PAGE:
Oral contraceptives (OCs) and tubal ligation are commonly used methods of contraception that may impact ovarian function. Few studies have examined the association of these factors with antimüllerian hormone (AMH), a marker of ovarian aging.
We examined the association of OC use and tubal ligation with AMH in the Nurses’ Health Study II prospective cohort among a subset of 1,420 premenopausal participants who provided a blood sample in 1996-1999. History of OC use and tubal ligation were reported in 1989 and updated every 2 years until blood collection. We utilized generalized linear models to assess whether mean AMH levels varied by duration of and age at first use of OCs and history, age, and type of tubal ligation.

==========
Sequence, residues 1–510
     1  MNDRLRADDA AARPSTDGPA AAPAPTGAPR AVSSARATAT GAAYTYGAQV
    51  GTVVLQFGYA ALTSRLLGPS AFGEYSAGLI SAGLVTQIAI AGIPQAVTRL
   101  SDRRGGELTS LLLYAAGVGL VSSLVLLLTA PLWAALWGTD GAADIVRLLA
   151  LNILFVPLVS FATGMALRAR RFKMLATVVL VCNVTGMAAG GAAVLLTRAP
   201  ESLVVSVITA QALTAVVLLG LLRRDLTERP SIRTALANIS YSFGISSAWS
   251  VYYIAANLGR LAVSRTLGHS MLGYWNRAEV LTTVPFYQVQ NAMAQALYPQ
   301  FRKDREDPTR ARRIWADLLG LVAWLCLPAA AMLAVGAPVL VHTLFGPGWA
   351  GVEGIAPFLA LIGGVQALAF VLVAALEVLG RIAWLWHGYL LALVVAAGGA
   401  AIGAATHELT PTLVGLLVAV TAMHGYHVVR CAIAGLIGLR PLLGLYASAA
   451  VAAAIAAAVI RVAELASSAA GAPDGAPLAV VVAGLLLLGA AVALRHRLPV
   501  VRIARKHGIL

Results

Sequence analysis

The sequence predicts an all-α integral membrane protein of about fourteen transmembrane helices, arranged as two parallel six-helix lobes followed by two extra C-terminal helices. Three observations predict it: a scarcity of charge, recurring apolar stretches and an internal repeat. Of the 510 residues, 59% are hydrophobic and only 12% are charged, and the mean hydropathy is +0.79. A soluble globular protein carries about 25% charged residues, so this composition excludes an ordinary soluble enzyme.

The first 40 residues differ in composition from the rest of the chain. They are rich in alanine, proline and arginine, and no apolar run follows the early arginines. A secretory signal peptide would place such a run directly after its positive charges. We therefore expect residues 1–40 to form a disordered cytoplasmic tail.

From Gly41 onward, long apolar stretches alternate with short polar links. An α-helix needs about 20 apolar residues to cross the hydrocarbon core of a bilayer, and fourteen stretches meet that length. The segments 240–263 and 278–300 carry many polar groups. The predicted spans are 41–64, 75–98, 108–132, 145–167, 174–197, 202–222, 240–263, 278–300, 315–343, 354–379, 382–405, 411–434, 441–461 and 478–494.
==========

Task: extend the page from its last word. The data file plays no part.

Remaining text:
In multivariable models adjusted for smoking, reproductive events, and other lifestyle factors, we observed a significant, inverse association between duration of OC use and mean AMH levels (P for trend = 0.036). Compared to women without a tubal ligation, AMH levels were significantly lower when the procedure included a clip, ring, or band (1.04 ng/ml vs 1.72 ng/ml, P < 0.01). AMH levels were not associated with age at first use of OCs or age at tubal ligation.
Our analysis found an association between duration of OC use and certain types of tubal ligation with mean AMH levels. Further research is warranted to confirm the long-term association of these widely used contraceptive methods with AMH.